Sunday, 25 May 2014
'Tau ārai i te po titoko o te ao mārama. Ko te wehe a Ihoa te timatanga i te whakaroha nui’
'To overcome darkness and despair, seek new learning and understanding'.
This weeks whakatāuki is explained by Takurua Tawera nō Ngāi Tuhoe.
Justine Murray visits Ōtakou Marae situated along the Otago Peninsula. The Whare Tipuna (meeting house) has a few unique points including a fully functional stage, the inside carvings are made of plaster of paris, and the maihi is made from concrete moulds. Rachel Wesley nō Kai Tahu explains the history of the marae.
Hakuiao Wharekai (dining hall) at Ōtakou Marae, Otago Peninsula.
A stained glass window inside Tamatea Wharetipuna dedicated to the men from Ōtakou that fought in World War 1 and World War 2. Pictured right, Rachel Wesley nō Kai Tahu is the manager of Te Runanga o Ōtakou.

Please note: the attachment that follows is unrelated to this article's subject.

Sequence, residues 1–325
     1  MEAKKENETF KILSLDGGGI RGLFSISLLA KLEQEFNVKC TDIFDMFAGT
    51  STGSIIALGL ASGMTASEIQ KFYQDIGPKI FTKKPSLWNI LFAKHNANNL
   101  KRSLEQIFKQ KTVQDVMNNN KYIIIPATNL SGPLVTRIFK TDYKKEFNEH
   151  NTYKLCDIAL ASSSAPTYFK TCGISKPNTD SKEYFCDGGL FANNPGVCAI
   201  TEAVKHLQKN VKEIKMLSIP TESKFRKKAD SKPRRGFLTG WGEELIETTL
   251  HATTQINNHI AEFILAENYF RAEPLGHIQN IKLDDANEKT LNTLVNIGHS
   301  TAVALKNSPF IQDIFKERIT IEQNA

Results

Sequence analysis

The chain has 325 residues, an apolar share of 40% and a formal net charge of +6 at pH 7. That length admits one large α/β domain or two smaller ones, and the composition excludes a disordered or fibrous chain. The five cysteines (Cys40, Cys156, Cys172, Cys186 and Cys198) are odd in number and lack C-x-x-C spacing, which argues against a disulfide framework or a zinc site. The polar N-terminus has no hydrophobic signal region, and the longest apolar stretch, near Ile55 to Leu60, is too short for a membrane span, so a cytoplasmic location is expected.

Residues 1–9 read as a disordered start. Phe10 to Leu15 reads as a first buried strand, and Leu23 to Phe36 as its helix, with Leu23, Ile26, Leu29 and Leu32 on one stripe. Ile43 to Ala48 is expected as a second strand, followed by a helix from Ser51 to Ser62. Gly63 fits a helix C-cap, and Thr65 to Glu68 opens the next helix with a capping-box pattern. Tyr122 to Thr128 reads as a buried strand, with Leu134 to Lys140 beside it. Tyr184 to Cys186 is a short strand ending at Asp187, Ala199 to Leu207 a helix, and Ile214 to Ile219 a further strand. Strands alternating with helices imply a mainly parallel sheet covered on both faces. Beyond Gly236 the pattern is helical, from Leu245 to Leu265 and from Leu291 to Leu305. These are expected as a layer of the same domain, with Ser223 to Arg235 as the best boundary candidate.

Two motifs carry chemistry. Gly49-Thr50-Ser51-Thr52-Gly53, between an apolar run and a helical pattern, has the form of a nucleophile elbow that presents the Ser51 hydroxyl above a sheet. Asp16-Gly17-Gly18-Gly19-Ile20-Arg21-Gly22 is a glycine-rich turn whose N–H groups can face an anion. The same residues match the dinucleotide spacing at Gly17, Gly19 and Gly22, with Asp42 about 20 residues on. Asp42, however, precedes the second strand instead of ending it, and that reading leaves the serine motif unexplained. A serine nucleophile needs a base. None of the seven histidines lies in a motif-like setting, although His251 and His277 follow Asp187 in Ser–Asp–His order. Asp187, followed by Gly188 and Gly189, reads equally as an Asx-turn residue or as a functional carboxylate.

On any given day Wainuiomata community centre is a busy focus of activity. At the helm of the organisation are Lizzie Raukawa and Tupou Kuma. Lizzie juggles a number of roles that include Vice Chair of the Wainuiomata Māori Wardens and President of the Wainuiomata Māori Womens Welfare League. Tupou who is the manager of the centre is on dialysis treatment and awaiting a kidney transplant but this hasn’t stopped her from overseeing operations which include legal aid services and running Nui FM radio station. Justine Murray spends an afternoon with Lizzie, Tupou and the team at Wainuiomata Community Centre.
In an archival recording from 1988, Haare Williams provides an insight into the history and purpose of Poukai, the annual gatherings at different marae connected to the Kingitanga.
Waiata featured: ‘My Sweet Baby’ performed by Adrian and Marc Wagner from the EP The Wagner Brothers (2014).